There is nothing wrong with admitting that you need help as an adult. It’s even OK to ask from help from your mom – I asked mine to help me co-parent my kid, so obviously I’m cool with that.
But sleeping in my new contact lenses until she could get home and help me take them out? Not my proudest moment. At all. The moral is that sometimes you need help and it’s OK to admit it even when it’s super embarrassing. And boy, was it.
I’ve worn contact lenses since I was almost 16 years old – I’d graduated from bifocals I’d started wearing at 5, along with my twin sister, gaining us the unfortunate nickname Eight Eyes, because, you know, four eyes times two. Children are evil.
My parents, realizing that we needed a self-esteem boost and that we had actual nice eyes no one had ever seen behind all that giant 80s framed Coke bottle situation, got us contacts as an early 16th birthday present. We started with rigid gas permeables, basically hard lenses. They were not the most comfortable thing in the world, because they are literally a rigid piece of plastic in your eye. My first couple of years as a glasses-free being were a combination of high self-esteem – I was that real-life cute girl hidden behind those massive lenses! – and terrible discomfort and trips to Baltimore-area ERs and optical centers to extract an errant contact stuck in my eye.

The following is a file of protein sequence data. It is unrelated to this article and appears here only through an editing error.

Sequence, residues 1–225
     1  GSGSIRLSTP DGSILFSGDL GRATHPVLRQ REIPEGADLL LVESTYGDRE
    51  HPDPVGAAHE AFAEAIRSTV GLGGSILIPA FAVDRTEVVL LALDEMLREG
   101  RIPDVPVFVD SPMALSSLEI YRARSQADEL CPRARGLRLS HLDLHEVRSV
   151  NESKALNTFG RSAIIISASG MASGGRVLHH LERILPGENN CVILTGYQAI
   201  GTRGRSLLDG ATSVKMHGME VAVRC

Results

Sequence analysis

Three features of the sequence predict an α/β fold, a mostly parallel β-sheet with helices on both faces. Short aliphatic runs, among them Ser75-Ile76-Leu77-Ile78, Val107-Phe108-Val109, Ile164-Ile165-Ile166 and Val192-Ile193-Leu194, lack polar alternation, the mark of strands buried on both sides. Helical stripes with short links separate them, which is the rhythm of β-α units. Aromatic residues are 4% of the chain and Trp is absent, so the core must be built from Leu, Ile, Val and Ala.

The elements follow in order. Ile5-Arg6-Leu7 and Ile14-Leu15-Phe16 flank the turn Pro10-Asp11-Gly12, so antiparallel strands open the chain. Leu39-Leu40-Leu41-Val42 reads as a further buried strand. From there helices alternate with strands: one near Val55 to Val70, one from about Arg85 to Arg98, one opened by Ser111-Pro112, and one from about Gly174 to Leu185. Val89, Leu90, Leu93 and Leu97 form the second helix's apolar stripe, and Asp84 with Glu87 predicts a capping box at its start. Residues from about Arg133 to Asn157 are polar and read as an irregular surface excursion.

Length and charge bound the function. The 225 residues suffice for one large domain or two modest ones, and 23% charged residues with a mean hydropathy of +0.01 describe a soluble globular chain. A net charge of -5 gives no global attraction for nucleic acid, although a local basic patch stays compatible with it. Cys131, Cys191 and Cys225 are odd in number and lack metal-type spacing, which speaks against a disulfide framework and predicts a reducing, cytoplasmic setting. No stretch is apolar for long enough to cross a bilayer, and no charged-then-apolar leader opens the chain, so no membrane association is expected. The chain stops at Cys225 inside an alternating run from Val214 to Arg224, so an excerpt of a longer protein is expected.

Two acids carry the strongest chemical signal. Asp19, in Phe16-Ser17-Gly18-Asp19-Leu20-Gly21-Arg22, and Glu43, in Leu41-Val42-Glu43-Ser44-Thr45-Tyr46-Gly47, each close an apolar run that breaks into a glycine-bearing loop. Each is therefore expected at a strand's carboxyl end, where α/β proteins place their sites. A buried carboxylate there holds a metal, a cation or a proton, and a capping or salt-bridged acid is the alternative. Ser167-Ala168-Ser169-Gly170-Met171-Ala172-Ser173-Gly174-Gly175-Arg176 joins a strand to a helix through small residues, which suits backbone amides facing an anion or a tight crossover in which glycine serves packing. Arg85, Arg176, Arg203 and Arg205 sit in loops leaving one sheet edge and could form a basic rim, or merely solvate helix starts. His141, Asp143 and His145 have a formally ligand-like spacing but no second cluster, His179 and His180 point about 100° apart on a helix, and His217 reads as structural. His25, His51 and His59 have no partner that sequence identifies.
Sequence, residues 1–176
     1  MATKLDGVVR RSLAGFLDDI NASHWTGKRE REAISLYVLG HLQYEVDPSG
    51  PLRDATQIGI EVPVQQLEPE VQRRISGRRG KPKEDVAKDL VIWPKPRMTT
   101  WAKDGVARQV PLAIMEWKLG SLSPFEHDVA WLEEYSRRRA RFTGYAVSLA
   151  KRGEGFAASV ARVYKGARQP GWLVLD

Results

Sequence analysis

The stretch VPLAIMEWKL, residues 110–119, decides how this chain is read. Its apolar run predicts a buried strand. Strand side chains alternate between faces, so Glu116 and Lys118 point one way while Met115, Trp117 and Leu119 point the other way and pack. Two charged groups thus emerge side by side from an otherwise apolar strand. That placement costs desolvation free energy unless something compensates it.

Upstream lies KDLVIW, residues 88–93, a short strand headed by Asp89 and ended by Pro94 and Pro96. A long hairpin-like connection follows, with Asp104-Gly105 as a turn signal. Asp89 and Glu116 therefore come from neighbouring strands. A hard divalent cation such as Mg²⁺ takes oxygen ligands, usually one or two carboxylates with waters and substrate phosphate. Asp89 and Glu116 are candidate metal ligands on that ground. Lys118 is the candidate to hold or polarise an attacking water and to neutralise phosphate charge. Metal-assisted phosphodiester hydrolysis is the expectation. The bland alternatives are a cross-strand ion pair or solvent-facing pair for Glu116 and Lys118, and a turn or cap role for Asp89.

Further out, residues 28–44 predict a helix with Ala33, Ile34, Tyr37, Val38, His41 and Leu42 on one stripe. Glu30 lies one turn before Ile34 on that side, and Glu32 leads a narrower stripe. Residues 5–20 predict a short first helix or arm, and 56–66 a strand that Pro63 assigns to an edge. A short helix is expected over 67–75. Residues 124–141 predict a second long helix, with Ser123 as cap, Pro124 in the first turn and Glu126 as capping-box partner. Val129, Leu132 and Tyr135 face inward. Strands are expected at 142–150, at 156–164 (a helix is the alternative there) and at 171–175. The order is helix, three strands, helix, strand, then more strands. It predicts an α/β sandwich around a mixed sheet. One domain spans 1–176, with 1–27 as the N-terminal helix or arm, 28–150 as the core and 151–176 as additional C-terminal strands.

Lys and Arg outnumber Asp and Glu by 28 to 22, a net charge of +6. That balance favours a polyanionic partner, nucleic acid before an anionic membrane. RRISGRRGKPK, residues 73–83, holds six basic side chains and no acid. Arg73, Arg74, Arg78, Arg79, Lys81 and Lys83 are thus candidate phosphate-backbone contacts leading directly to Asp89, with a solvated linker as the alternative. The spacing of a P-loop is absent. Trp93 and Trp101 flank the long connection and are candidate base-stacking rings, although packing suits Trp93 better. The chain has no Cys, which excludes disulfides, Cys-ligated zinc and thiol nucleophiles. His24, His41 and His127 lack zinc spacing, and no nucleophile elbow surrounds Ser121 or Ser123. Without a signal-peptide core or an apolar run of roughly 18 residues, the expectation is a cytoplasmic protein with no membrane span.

But I kept wearing those suckers anyway, for 34 years, with some pauses to wear glasses now that I had money to pay for frames I actually liked. I’d asked about soft lenses – even wore an emergency pair that wasn’t anywhere near my actual heavy prescription for like a week in the 90s while my real replacement lenses were rushed to me – but was told that my astigmatism was too advanced for them. Or my eye shape wasn’t going to work, or something. Always a no.
That is, until this year. Right before we left Florida in the summer of 2020, I’d lost one of my brand new RGP lenses right before my book launch at the Colony Hotel on Palm Beach and ordered a replacement, only to realize that it was the same lens I already had, and wearing the wrong lens hurt my head. So I mostly wore my glasses for a year to the point that there is an indentation in my face (!) that I have to cover with Rihanna’s finest makeup products. Because we are still in that pan pizza, it took me a while to get myself to an optician.
But when I did, she told me that she had no idea why no one had put me in soft lenses. Actually, she thinks she might – one was that the RPGs sometimes had more sharper vision clarity, although not so much that the soft ones wouldn’t be helpful. The more insidious reason, which I asked about and which she wryly said was probably not wrong, is that I and my insurance had been paying for the more expensive RGP lenses for more than 30 years to various doctors up and down the East Coast, and that they saw no need to save me money. I hope that’s not true. But…you don’t know.